The Eatwell Plate, which nurses use to demonstrate healthy eating, has been updated to exclude sugary soft drinks and downplay sugary, salty and high fat foods
The Eatwell Plate, which nurses use to demonstrate healthy eating, has been updated to exclude sugary soft drinks and downplay sugary, salty and high fat foods.
This comes after the government announced the sugar tax – on manufacturers that make sugar-sweetened soft drinks – yesterday.
Sugary soft drinks have been removed from the image and foods that are high in fat, salt and sugar have been moved to the periphery of the guide, reflecting advice that they are not an essential part of a healthy and balanced diet.
Health professionals including doctors, nurses, pharmacists and dietitians are encouraged to use the Eatwell Guide to help the nation improve their diet, Public Health England (PHE) urged.
In response, Douglas Twenefour, deputy head of care at Diabetes UK, said: “By removing these foods from the plate Public Health England is now sending an even clearer message to people as to how they can reduce their risk of obesity and improve their health.”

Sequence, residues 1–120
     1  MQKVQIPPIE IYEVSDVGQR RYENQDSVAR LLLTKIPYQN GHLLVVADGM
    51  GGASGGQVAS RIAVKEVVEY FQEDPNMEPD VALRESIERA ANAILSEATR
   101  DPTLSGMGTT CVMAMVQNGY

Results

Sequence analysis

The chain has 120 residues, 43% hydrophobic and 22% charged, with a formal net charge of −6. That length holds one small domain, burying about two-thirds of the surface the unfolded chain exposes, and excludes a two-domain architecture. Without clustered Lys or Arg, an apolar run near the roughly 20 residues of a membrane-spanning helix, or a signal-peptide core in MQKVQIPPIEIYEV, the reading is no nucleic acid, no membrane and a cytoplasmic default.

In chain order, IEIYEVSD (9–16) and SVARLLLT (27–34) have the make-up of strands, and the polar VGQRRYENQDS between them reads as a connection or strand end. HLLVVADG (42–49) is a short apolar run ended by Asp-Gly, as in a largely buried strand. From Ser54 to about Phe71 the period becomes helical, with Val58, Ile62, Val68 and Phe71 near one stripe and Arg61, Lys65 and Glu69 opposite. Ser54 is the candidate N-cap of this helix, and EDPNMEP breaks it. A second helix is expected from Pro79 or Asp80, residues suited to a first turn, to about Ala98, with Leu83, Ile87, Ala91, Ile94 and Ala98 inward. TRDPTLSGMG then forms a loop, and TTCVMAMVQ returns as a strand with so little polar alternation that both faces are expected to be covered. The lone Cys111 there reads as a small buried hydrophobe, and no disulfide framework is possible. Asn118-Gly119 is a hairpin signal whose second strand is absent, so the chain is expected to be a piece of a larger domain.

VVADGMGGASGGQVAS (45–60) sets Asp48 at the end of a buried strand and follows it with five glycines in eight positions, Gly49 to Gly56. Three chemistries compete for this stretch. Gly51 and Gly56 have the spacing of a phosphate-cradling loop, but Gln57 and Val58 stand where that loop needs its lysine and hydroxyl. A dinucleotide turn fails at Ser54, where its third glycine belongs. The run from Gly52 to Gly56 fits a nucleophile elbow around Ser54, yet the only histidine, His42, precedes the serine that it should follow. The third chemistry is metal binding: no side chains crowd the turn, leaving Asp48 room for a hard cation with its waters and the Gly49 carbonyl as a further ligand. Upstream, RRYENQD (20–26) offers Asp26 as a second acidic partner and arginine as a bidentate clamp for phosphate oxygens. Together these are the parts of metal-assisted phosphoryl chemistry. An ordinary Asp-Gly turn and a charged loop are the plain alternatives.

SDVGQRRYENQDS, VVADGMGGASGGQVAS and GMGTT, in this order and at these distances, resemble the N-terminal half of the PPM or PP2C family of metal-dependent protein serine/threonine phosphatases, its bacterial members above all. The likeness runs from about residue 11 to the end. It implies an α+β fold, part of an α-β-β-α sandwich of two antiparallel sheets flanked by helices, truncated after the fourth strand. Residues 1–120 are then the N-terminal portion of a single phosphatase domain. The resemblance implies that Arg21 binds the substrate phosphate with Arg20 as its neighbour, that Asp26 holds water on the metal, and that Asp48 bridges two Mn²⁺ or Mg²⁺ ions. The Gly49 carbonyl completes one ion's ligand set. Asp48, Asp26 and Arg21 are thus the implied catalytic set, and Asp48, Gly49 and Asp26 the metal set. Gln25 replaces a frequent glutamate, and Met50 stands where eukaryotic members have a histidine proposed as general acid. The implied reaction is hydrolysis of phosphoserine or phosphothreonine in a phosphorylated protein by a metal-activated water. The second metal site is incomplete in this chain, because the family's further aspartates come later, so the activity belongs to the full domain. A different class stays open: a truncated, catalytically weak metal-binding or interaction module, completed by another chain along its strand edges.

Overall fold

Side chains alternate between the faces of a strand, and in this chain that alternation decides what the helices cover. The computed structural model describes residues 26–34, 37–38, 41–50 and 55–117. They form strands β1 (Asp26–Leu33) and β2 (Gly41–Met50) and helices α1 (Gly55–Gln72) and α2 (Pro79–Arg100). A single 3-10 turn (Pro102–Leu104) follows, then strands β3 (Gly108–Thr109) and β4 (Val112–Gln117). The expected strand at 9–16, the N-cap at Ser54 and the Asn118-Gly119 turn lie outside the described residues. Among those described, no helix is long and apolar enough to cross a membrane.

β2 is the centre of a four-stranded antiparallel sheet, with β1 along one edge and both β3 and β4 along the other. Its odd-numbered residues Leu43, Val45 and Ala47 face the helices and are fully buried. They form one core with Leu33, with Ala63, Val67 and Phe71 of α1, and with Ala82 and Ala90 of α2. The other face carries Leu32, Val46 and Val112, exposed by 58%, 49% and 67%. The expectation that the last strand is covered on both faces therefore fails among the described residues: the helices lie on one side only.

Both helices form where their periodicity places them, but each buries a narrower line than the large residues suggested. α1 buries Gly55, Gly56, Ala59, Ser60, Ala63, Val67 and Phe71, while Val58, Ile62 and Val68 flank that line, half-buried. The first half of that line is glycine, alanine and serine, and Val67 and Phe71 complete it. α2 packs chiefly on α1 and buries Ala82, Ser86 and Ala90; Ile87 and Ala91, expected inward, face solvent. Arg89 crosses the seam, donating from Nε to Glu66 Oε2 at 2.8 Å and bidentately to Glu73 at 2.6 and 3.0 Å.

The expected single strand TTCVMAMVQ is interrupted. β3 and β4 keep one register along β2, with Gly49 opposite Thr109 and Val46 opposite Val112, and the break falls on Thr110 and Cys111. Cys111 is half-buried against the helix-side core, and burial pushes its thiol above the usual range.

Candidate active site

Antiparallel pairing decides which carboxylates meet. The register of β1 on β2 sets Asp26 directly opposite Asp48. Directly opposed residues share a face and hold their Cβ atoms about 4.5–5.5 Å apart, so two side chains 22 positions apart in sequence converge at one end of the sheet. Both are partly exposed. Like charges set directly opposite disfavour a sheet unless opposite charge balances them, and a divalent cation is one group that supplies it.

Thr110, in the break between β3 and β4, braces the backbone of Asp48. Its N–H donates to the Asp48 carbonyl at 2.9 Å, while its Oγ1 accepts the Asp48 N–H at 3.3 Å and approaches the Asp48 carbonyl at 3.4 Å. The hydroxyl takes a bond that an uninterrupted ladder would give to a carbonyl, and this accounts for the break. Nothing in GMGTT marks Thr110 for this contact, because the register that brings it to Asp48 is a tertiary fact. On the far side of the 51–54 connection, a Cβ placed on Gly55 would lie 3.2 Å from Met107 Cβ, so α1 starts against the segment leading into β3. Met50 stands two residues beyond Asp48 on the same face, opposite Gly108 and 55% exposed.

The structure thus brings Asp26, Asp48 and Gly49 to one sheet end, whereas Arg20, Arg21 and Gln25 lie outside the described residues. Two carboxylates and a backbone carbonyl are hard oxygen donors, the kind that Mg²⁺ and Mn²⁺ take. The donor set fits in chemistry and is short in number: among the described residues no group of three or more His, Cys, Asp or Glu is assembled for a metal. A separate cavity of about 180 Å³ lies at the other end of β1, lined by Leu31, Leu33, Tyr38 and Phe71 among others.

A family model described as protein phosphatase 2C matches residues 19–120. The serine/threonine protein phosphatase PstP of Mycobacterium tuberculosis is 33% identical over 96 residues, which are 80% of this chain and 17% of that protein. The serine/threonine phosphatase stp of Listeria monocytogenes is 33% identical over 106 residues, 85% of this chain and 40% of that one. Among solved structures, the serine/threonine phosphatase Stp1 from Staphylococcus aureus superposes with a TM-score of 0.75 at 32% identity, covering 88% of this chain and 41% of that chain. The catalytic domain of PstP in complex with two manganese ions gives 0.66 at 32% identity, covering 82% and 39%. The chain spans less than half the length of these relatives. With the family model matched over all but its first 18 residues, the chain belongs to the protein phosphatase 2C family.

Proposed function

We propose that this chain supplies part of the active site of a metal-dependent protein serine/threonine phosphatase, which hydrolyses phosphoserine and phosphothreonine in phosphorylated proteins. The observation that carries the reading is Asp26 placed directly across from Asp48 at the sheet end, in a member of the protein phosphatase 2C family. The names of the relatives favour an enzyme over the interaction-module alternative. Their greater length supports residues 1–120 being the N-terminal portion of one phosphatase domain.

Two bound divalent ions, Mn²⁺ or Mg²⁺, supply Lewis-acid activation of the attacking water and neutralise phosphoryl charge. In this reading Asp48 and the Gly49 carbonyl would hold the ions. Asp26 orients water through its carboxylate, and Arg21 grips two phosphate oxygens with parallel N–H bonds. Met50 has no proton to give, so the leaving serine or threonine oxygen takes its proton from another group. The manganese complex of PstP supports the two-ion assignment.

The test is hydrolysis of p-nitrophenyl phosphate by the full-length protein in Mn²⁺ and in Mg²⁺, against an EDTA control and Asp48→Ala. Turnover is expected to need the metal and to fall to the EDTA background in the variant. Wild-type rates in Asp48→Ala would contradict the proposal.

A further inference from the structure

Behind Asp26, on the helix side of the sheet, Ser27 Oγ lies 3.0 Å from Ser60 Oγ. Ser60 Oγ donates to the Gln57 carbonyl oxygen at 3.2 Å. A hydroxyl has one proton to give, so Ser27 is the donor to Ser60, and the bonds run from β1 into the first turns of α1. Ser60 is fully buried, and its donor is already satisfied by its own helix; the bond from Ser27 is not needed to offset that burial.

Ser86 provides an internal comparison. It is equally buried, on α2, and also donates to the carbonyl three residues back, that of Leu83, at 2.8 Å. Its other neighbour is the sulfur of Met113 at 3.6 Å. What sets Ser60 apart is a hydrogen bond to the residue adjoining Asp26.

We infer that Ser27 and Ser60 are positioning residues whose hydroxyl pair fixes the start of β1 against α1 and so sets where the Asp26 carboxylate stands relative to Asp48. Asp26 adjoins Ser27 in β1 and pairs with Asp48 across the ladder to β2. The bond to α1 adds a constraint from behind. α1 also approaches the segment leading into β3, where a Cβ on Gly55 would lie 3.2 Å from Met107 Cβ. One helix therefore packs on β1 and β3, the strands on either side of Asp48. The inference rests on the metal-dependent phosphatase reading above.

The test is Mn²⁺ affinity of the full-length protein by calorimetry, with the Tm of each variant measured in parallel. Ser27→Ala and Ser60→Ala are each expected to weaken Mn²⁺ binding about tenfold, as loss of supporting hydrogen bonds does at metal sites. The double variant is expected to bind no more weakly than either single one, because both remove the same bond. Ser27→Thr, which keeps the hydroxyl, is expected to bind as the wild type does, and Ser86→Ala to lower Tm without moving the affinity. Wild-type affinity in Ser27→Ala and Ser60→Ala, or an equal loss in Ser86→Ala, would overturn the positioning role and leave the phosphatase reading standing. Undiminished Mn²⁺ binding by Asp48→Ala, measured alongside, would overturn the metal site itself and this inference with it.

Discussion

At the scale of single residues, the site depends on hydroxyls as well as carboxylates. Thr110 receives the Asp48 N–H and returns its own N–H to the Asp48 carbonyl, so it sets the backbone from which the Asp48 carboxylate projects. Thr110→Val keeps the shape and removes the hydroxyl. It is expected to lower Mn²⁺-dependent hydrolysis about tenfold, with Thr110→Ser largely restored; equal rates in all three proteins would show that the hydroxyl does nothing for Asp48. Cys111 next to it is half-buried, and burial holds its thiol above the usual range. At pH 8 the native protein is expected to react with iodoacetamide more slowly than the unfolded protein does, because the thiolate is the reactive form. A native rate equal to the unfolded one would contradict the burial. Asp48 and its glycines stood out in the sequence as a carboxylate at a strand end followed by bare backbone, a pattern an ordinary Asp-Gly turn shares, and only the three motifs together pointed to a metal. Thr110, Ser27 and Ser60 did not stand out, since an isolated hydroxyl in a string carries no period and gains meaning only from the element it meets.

Smoothies should now also be limited to 150ml a day, due to their high sugar content, and only count as one portion of fruit and vegetables.
Most popular smoothies are sold in 250ml bottles and claim to count as two of your five-a-day, meaning manufacturers will now need to change their labels to avoid misleading packaging.
PHE has also redesigned their five-a-day logo so it’s easier for people to see if the product counts as part of their recommended five servings of fruits and vegetables.